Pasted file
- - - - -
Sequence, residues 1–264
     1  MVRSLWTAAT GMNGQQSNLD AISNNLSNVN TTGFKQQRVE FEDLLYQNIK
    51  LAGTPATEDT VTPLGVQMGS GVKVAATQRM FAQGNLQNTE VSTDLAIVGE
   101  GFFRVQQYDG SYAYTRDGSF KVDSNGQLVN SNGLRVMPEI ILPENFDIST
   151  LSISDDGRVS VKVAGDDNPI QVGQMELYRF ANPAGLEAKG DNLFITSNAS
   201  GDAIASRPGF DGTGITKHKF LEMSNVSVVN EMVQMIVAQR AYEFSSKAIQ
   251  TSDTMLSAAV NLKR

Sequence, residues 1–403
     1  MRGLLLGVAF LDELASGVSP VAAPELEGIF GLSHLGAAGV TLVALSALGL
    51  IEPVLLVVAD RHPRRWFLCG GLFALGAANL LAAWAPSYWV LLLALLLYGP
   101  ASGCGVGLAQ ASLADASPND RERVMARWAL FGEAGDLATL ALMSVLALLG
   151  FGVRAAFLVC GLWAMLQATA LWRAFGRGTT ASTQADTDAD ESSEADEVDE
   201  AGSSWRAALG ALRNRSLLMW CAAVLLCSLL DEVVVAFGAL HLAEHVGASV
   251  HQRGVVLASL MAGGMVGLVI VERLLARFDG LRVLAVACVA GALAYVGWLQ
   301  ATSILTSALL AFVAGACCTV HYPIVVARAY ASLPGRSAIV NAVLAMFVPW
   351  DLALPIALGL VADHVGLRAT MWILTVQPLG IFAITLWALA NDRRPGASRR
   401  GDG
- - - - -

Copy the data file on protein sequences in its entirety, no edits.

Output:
Sequence, residues 1–264
     1  MVRSLWTAAT GMNGQQSNLD AISNNLSNVN TTGFKQQRVE FEDLLYQNIK
    51  LAGTPATEDT VTPLGVQMGS GVKVAATQRM FAQGNLQNTE VSTDLAIVGE
   101  GFFRVQQYDG SYAYTRDGSF KVDSNGQLVN SNGLRVMPEI ILPENFDIST
   151  LSISDDGRVS VKVAGDDNPI QVGQMELYRF ANPAGLEAKG DNLFITSNAS
   201  GDAIASRPGF DGTGITKHKF LEMSNVSVVN EMVQMIVAQR AYEFSSKAIQ
   251  TSDTMLSAAV NLKR

Sequence, residues 1–403
     1  MRGLLLGVAF LDELASGVSP VAAPELEGIF GLSHLGAAGV TLVALSALGL
    51  IEPVLLVVAD RHPRRWFLCG GLFALGAANL LAAWAPSYWV LLLALLLYGP
   101  ASGCGVGLAQ ASLADASPND RERVMARWAL FGEAGDLATL ALMSVLALLG
   151  FGVRAAFLVC GLWAMLQATA LWRAFGRGTT ASTQADTDAD ESSEADEVDE
   201  AGSSWRAALG ALRNRSLLMW CAAVLLCSLL DEVVVAFGAL HLAEHVGASV
   251  HQRGVVLASL MAGGMVGLVI VERLLARFDG LRVLAVACVA GALAYVGWLQ
   301  ATSILTSALL AFVAGACCTV HYPIVVARAY ASLPGRSAIV NAVLAMFVPW
   351  DLALPIALGL VADHVGLRAT MWILTVQPLG IFAITLWALA NDRRPGASRR
   401  GDG